I call on our bishops—our religious leaders from coast to coast, border to border—to announce with one voice to ICE agents: “In the name of God, in the name of these suffering people whose cries rise to heaven more loudly each day, I implore you, I beg you, I order you: Stop the repression!”
And then I call on faith communities in every town, village, city, and glen to step forward in radical hospitality—what my former grad school mentor called “commensurate heroism”: that is, to say to every ICE agent who risks his or her livelihood by choosing hospitality over terror, who risks their job to defy unholy orders, “we have your back. If you shoulder the risks to which your faith calls you most directly, we will help you bear the costs incurred.”
I’m glad to see Democrats hold the line on a DACA resolution—even if it means that Trump and the GOP choose a government shutdown over a commonsense and humane resolution, because such a choice will help further unveil the dysfunction of the Grand Old Party and the moral emptiness of the President.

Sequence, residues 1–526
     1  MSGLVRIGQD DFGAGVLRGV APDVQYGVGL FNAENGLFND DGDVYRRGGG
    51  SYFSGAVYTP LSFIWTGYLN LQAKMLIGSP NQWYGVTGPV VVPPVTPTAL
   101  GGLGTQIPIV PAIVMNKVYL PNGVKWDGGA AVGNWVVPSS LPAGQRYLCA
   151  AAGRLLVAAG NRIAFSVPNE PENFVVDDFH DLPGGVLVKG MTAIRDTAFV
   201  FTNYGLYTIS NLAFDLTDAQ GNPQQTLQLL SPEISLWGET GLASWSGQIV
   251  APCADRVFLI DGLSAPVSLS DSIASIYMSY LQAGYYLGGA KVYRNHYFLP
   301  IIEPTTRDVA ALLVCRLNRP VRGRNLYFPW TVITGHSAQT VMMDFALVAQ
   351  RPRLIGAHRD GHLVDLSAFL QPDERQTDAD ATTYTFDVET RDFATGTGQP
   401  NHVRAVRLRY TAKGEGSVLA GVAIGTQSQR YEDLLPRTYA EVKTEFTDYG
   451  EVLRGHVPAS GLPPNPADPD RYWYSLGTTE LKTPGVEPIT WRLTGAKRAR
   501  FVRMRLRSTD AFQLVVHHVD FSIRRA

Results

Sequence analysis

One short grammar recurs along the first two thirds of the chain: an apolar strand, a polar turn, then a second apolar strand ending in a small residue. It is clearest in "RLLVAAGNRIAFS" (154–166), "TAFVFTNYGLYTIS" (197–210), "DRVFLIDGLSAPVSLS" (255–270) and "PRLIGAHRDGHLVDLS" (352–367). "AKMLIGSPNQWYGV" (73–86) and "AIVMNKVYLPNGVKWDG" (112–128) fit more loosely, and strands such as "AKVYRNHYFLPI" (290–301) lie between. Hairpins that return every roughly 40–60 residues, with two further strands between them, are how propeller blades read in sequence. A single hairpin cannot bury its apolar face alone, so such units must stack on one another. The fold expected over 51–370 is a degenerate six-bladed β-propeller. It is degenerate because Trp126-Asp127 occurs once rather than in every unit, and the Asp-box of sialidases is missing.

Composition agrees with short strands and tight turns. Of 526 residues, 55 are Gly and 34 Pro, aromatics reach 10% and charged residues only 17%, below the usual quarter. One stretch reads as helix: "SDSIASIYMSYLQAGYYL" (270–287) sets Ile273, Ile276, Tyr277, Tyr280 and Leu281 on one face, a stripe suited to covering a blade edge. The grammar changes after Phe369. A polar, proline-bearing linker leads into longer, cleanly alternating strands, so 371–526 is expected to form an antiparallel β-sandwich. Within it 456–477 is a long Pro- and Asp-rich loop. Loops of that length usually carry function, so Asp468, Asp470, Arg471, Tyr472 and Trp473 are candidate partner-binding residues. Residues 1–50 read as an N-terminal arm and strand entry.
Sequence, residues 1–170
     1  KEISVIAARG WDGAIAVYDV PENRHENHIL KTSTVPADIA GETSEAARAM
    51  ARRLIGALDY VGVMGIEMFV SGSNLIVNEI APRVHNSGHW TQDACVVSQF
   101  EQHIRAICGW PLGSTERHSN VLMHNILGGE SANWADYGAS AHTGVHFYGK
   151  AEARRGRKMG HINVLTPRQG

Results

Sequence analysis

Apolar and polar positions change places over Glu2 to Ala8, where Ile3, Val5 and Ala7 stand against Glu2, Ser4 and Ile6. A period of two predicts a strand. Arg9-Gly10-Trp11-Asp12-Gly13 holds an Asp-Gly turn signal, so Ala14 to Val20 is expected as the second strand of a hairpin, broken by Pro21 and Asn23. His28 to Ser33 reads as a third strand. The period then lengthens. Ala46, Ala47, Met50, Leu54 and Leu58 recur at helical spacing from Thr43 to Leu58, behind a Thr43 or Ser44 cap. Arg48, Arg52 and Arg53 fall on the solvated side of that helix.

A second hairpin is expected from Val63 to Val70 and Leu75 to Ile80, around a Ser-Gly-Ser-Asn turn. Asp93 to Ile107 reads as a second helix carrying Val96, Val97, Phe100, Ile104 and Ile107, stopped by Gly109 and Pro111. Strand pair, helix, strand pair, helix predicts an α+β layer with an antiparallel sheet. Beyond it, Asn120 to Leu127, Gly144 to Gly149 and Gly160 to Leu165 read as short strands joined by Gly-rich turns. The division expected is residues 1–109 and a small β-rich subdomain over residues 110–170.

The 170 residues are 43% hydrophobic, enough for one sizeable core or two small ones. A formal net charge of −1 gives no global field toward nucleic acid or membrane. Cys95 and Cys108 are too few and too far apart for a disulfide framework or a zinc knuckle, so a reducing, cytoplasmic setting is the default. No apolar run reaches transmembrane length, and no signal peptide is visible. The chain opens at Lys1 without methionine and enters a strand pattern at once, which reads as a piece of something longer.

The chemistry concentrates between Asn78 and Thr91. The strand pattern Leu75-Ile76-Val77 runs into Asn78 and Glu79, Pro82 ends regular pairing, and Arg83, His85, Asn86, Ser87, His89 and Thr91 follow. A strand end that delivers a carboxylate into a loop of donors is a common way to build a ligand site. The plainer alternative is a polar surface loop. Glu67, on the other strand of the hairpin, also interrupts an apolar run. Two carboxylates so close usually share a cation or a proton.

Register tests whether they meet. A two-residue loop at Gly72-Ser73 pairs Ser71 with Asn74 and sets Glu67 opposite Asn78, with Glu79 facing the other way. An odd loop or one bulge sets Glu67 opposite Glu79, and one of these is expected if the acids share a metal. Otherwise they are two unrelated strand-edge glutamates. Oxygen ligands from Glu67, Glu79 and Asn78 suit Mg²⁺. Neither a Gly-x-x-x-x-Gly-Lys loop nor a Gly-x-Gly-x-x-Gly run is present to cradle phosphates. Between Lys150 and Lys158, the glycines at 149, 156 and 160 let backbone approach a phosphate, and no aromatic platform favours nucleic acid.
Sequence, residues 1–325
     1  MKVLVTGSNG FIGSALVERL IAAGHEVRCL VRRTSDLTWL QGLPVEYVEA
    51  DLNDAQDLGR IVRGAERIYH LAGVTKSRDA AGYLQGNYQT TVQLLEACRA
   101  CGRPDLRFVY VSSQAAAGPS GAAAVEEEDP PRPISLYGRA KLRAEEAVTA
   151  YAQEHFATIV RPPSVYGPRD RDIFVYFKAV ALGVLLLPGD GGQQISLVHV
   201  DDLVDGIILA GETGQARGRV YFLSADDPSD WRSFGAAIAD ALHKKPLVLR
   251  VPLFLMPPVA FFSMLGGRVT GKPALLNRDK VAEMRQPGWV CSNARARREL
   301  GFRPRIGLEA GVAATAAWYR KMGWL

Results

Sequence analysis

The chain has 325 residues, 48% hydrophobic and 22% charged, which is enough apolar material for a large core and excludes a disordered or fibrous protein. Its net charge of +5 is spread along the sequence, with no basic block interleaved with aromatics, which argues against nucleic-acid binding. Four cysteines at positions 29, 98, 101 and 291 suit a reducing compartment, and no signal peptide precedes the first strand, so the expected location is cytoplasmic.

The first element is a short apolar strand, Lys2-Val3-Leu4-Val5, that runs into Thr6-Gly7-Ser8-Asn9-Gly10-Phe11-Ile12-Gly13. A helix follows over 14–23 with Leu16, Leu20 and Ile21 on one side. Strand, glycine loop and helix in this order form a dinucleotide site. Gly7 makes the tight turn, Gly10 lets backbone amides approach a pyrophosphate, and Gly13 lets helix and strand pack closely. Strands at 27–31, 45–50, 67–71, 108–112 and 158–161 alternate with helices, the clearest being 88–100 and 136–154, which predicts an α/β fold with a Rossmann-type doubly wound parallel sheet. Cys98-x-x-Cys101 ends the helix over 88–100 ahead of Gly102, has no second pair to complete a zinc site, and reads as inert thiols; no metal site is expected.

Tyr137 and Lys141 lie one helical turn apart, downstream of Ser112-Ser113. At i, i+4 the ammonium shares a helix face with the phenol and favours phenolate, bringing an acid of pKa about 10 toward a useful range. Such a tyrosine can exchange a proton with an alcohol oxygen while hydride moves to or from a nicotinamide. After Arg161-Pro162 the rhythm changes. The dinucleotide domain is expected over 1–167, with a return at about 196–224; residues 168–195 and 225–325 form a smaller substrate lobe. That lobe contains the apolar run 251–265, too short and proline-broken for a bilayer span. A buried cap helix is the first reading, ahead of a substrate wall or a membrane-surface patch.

I’m glad to see the strong statement by the Minnesota ELCA bishops, too. Such words can inspire persons of faith to realize that moral decency and simple humanity are not mere whims to be entertained from an armchair. They are compass points that direct our actions—sometimes in direct defiance of authority, sometimes in direct support of our neighbor, always in the direction of hospitality.
And it’s time for our leaders to connect those dots publically and invite, implore, beg, even order the rest of us to connect the dots in our lives.